A movie I wanted to like more than I did, but still a really noble effort in a time when anything marketed “War Comedy” is likely to be an instant skip-it from a major studio. While other reviewers have chosen to pull out a magnifying glass and scrutinize the film’s every politically incorrect sin, I think it’s more important to judge this movie by the way it plays rather than the best way to write think pieces about it. Otherwise, a movie like this would never get made at all if people were solely focused on cultural sensitivity or at the very least it would be so defanged of any risk that it wouldn’t be funny, and as it is, “WTF” is already too safe more than too risqué.
What Works: The movie is loosely based on the true story of a female journalist who got sent to Afghanistan, and even though it adds quite a few subplots (apparently the romantic subplot, Margo Robbie’s character, and a couple of the action sequences never happened), most people say it gets the spirit of the book right. [Fun fact: the book is called “The Taliban Shuffle” and you might could see why Hollywood execs were skittish to release a comedy with Taliban in the title.] On the other hand, that might also be part of the problem, since the movie feels more than a little episodic, like we’re just watching a series of loosely connected non-fiction articles strung together into a feature with little narrative momenum. Of course, on the other other hand, you could argue that that’s exactly what it feels like to be stationed in a drifting, aimless war like Afghanistan which is why the setting was so ripe for a comedy in the first place.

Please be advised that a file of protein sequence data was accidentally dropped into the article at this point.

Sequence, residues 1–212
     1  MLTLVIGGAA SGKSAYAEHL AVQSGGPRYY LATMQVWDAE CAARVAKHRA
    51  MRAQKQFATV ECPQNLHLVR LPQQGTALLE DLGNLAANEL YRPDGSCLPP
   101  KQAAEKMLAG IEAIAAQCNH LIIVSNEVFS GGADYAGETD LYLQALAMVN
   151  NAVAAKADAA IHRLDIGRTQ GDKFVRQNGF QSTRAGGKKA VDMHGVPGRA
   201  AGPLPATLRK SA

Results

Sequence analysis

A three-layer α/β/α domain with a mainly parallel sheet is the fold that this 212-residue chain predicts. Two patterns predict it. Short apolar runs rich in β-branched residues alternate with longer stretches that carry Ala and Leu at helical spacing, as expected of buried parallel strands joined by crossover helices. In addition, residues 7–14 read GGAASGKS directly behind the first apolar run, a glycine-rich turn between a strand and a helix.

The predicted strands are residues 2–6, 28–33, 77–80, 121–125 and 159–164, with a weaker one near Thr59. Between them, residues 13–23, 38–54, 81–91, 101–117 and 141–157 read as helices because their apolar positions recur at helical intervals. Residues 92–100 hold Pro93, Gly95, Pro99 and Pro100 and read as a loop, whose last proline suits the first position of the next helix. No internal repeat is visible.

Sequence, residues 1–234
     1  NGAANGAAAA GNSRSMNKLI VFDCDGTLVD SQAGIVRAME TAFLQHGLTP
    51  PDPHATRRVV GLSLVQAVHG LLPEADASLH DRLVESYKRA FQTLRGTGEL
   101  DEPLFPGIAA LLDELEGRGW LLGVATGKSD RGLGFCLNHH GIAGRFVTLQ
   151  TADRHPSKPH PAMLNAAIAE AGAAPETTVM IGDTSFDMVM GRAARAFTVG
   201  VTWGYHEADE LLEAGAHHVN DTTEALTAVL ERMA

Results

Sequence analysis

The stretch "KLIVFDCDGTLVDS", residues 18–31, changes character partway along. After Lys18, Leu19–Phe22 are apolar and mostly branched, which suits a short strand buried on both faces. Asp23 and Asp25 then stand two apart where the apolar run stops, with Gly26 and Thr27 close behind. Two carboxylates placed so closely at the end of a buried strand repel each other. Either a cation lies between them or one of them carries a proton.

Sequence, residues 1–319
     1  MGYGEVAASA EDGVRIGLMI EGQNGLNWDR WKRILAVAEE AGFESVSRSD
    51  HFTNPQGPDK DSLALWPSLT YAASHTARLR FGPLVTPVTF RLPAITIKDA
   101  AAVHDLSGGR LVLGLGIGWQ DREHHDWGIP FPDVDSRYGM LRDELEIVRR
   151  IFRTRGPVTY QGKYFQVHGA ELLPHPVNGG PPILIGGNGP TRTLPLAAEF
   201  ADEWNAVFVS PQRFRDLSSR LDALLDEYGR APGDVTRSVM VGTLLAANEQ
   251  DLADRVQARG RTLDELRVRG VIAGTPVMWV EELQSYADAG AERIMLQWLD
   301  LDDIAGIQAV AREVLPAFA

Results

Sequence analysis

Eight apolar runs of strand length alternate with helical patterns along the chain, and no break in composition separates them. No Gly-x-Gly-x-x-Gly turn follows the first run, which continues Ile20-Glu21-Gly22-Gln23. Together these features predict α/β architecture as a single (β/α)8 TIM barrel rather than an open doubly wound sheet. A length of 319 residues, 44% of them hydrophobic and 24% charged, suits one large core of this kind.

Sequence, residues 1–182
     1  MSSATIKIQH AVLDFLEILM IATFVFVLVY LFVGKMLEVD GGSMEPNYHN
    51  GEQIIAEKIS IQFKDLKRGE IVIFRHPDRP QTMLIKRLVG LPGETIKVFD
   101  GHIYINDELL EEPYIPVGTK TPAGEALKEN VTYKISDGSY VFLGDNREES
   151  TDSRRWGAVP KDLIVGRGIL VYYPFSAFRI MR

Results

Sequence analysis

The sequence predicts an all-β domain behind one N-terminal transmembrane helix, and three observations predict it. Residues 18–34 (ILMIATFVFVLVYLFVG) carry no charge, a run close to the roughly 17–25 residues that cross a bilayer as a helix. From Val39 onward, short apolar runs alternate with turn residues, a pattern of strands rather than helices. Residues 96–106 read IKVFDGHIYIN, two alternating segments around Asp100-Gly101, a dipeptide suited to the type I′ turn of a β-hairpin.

Again, some of the reviewers have complained about the whitewashed casting of Alfred Molina and Christopher Abbot as Afghans. And sure, maybe they should have cast Abbot’s role with Josh Gad—who actually is of some Afghan heritage—but he does a soulful job, and Molina’s scenes are some of the most interesting in the movie. Plus, I’m not sure there are really dozens of Afghan comedians out there dying to get a small part in a movie making fun of the Taliban, Afghan government, and Islamic fundamentalism. The criticisms of the movie are that it’s focus is too narrow and inside the American-bubble, which may be fair, but at least some of what they’re complaining about is inside that same bubble too.
What Doesn’t Work: One of the biggest problems may be that I chose to devote a paragraph to casting controversies rather than anything that’s actually in the movie. And I’m more than a little soft on this particular film since I would love to see more war comedies, and a revival of the genre. That said, it’s a little disappointing that “WTF” doesn’t take more risks or try to broaden out its initial approach. Instead of delving into interesting supporting characters like Molina or Billy Bob Thornton (as a hilariously gruff but sly General), we get scenes that grow repetitive, and Tina Fey’s central character isn’t really doing the actress any favors.
I truly believe Fey could be a compelling dramatic actress. She has it in her every bit as much as her “Date Night” co-star Steve Carell did in his revelatory “Foxcatcher” work. Still, it must be said that she’s in a rut. Everything she does feels like something she’s done before, and this character is a little too in her comfort zone. It’s a different setting, but she plays it in the same way. Of course, I thought Carell was more than stale before “Foxcatcher” shut me up properly, and I believe Fey is just one right role away from really changing her game. Of course, for more on what that role is, somebody will have to email me, because I’m not giving that away for free…